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iPS cells in the study of PD molecular pathogenesis


Parkinson’s disease (PD) is the second most common neurodegenerative disease and its pathogenic mechanisms are poorly understood. The majority of PD cases are sporadic but a number of genes are associated with familial PD. Sporadic and familial PD have many molecular and cellular features in common, suggesting some shared pathogenic mechanisms. Induced pluripotent stem cells (iPSCs) have been derived from patients harboring a range of different mutations of PD-associated genes. PD patient-derived iPSCs have been differentiated into relevant cell types, in particular dopaminergic neurons and used as a model to study PD. In this review, we describe how iPSCs have been used to improve our understanding of the pathogenesis of PD. We describe what cellular and molecular phenotypes have been observed in neurons derived from iPSCs harboring known PD-associated mutations and what common pathways may be involved.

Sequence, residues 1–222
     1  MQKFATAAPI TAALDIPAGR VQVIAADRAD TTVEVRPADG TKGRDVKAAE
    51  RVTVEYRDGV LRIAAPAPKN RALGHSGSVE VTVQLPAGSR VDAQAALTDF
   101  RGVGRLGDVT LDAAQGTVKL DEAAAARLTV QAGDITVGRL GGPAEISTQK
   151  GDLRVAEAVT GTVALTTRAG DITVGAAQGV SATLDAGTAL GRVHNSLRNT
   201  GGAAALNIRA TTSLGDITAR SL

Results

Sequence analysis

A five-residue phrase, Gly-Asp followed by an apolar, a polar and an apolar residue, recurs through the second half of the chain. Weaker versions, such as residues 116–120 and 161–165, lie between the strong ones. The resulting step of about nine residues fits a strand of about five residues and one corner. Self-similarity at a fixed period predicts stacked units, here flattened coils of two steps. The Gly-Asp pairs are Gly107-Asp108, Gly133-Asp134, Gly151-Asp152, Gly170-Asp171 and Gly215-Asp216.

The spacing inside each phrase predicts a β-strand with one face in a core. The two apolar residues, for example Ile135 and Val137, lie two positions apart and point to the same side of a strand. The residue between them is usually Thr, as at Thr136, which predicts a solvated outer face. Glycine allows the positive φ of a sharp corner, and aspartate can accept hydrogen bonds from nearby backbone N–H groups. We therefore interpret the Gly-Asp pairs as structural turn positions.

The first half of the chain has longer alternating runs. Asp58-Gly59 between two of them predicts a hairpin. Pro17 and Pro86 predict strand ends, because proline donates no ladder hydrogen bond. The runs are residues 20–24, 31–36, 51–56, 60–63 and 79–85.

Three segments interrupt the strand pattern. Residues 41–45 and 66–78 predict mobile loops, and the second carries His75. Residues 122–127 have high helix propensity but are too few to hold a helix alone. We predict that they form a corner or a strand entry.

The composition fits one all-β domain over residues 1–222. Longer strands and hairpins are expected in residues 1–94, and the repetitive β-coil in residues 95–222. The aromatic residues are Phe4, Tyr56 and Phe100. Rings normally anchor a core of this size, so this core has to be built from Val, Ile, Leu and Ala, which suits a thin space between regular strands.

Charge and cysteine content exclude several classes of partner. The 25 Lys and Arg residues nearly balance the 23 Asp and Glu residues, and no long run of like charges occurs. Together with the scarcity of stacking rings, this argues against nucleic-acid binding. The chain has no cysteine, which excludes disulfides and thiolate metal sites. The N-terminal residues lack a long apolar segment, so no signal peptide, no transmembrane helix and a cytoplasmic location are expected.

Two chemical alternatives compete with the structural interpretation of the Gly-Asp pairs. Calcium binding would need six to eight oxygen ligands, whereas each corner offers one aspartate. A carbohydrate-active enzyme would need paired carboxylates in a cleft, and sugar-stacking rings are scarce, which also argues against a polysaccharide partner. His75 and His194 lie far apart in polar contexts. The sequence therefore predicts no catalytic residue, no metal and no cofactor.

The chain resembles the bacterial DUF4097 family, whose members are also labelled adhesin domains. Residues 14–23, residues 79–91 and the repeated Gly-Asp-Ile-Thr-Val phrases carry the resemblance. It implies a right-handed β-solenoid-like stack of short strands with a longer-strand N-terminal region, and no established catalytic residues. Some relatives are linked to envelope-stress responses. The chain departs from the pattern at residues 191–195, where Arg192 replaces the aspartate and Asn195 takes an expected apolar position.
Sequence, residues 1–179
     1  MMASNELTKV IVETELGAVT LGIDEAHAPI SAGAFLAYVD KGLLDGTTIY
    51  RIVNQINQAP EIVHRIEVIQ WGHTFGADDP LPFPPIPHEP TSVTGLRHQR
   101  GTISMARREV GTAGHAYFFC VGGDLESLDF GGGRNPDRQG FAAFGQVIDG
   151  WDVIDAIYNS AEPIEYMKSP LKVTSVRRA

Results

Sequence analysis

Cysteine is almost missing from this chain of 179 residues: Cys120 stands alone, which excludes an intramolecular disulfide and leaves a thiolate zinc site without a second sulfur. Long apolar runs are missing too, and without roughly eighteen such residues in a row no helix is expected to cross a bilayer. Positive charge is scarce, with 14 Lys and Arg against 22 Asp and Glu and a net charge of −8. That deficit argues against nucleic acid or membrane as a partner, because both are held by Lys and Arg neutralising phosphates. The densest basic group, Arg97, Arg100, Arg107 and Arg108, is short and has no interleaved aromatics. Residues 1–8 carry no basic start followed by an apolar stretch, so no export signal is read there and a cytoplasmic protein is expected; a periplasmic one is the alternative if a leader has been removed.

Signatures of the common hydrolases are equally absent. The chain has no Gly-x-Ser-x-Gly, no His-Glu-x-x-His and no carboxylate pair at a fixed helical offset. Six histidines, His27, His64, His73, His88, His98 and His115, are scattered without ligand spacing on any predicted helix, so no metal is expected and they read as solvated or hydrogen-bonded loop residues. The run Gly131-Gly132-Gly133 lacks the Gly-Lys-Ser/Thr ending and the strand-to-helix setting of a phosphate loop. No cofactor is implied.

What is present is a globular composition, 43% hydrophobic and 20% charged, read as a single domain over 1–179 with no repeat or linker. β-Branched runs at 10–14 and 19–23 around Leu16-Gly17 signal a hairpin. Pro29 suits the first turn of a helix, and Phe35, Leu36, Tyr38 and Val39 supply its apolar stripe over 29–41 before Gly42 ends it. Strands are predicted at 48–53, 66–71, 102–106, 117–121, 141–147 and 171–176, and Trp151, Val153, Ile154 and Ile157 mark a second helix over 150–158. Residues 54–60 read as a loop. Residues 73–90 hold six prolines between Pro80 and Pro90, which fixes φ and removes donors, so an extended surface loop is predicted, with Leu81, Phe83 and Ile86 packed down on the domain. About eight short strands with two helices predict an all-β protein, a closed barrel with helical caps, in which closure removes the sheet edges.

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Correspondence to Steven Finkbeiner.

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This review is supported by the Michael J Fox Foundation, Gladstone Institutes, NIH U54 HG008105, R01 NS039074 and R01 NS083390

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Cobb, M.M., Ravisankar, A., Skibinski, G. et al. iPS cells in the study of PD molecular pathogenesis. Cell Tissue Res 373, 61–77 (2018). https://doi.org/10.1007/s00441-017-2749-y

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  • Induced pluripotent stem cell (iPSC)
  • Parkinson’s disease
  • Autophagy
  • Alpha-synuclein
  • Neurodegeneration